Miami Beach Students Compete in Short Film Contest

​Finally, there's news about a Miami public high school that has nothing to do with declining literacy rates, murder, or decreased teacher pay. Last Wednesday night, Miami Beach Senior High and the Romance in a Can Film Festival held a showcase of student-made short films.  

We were astonished to hear Miami Beach Senior High actually has a film course as part of their Academy of Communication and Digital Media. (The future now seems a lot less bleak.) And from the talent shown on Wednesday night, Miami has a fighting chance to become a hotbed of film talent, a mission that's shared by the ladies and gents of the Borscht Film Festival.


NBC 6 reporter Jeff Burnside was supposed to host the competition, but

he was an apparent no-show (rumors circulated about a hair malfunction

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and someone shouting "amateur hour" as they drove off). In his place,

the young comedian Salomon Burstein was even given the unenviable task

of improvising. When any host of an awards show bills himself as, "Alec

Baldwin, but funny," the bar is set quite high. But you can't fault him for

his bravery. 

The student shorts program, centered around the

theme of "For the Love of," began with an impressive stop action short

"Heart it Races." Produced by Briana Acelor and Raquel Fernandez, the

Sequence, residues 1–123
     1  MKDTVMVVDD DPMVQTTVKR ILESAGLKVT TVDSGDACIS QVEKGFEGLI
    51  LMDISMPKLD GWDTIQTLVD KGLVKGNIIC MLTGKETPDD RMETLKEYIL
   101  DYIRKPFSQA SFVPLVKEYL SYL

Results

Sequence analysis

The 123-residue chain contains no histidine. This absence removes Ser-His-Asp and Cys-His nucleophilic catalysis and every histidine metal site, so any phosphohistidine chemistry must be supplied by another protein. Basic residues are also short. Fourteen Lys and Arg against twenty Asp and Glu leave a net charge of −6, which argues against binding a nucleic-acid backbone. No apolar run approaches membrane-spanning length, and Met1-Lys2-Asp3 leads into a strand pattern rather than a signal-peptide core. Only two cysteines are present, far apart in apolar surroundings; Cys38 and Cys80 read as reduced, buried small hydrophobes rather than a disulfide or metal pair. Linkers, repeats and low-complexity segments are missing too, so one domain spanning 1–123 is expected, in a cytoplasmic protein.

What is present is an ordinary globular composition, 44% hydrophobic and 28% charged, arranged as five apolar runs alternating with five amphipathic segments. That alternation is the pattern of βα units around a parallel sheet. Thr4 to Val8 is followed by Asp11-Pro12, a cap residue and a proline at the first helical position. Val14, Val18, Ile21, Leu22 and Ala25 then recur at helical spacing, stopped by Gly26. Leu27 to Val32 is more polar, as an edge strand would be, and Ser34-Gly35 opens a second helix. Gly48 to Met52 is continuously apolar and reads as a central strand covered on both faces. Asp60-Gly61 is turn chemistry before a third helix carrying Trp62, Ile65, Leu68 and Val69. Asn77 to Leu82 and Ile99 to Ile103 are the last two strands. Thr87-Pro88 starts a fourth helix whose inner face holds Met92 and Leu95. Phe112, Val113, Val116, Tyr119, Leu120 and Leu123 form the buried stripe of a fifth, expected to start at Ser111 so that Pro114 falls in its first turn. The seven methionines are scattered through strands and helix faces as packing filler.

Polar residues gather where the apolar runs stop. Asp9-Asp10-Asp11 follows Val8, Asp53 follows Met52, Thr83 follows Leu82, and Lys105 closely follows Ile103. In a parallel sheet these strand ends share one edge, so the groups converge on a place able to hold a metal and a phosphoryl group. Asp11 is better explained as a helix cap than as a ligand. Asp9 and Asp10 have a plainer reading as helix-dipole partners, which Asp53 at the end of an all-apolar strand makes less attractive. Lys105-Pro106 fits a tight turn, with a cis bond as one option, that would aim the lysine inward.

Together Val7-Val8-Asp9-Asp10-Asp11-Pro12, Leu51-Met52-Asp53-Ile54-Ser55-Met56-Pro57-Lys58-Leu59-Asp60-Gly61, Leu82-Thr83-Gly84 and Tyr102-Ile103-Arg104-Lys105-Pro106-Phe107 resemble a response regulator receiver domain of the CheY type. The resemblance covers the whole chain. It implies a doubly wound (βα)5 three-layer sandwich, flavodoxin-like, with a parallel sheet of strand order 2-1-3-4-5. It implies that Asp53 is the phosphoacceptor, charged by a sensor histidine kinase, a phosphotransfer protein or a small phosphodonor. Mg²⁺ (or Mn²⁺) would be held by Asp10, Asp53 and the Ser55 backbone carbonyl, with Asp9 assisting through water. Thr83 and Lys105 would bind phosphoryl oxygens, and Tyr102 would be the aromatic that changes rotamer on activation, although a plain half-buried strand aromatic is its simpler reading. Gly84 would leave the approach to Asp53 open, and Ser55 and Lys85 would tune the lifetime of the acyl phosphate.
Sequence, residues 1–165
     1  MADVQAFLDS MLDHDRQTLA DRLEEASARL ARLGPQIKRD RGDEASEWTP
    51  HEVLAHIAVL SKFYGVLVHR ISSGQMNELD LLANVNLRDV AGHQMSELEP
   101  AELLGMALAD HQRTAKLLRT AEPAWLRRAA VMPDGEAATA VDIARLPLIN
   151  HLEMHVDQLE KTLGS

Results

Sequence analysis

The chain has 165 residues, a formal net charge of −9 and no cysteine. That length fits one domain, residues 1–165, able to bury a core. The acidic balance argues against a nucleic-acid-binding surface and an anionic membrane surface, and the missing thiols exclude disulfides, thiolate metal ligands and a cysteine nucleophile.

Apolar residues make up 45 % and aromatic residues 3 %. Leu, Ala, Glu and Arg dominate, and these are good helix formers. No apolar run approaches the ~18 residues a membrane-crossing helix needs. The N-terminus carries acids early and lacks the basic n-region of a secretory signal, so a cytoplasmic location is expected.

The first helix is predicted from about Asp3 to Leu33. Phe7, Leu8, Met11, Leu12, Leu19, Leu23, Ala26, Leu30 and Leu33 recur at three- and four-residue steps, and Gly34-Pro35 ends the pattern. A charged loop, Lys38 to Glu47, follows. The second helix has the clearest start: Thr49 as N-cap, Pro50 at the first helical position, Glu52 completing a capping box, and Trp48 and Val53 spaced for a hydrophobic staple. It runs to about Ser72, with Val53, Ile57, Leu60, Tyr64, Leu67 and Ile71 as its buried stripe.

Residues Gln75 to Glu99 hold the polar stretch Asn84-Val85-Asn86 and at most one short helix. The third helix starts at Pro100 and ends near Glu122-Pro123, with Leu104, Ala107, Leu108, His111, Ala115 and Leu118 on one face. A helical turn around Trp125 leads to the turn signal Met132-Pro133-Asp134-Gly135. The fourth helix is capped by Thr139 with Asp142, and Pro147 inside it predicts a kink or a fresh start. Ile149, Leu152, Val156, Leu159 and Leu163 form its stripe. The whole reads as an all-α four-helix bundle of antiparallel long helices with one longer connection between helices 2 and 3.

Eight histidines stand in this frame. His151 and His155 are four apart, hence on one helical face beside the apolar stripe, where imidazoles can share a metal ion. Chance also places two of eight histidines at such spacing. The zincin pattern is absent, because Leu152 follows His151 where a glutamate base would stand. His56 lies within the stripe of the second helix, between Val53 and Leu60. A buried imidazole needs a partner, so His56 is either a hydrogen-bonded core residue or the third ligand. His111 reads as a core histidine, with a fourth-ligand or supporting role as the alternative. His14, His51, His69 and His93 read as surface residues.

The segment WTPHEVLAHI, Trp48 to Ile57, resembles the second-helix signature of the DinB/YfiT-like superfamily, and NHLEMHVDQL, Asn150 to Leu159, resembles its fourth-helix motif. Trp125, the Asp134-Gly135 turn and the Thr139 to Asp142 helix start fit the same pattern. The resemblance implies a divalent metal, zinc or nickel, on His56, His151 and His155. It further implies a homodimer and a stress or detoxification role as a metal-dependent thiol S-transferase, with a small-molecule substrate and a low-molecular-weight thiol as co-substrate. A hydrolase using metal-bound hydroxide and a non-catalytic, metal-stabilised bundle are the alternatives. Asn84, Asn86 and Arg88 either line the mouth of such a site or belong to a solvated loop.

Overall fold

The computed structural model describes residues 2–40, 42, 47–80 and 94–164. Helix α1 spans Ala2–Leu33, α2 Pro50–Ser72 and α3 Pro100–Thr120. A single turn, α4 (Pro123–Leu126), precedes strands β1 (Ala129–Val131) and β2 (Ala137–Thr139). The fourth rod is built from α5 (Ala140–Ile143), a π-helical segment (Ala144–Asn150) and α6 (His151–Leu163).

tidy piece of animation showed an acute attention to detail.

The

next standout film, "Grizzly Love" was one of three to receive a cash

prize courtesy of the Miami Beach Rotary Club, featured a Halloween-esque

teddy bear. The same stuffed animal became the night's Sir Laurence

Olivier when he starred in the All Around Creative award-winning

"Teddy: A Toy Drive for Haiti." The film was legitimately funny and

arguably, the highlight of the night. Credit goes to the team of Karla

Durango, Eric Jaffe, Enrico Matte, and Andrew Freedman for managing a

tastefully done comedy with a lesbian joke in it, a feat that Hollywood

is still trying to perfect.

MB student Andrew Freedman featured

prominently throughout the night with credits in four of the 18 shorts

screened. He also received special recognition for his work on the

festival's production from Romance in a Can director Isabelle Lambert.

The

final award winner was "Soil," a five-minute documentary about the

school's relationship with an organization by the same name. Filmmaker

Joshua Matz presented an eye-opening account of Soil's efforts to

provide sustainable aide to Haiti.

When we spoke to Miami Beach

High's film instructor Gina Cunningham after the event, she expressed

how impressed she was by the students, especially considering that

several of them were freshmen. At that age, many students are figuring

out how to achieve as little as possible. But not at Beach High, thanks

to the guiding hand of arts-loving teachers like Cunningham.

-- Brian Griffiths


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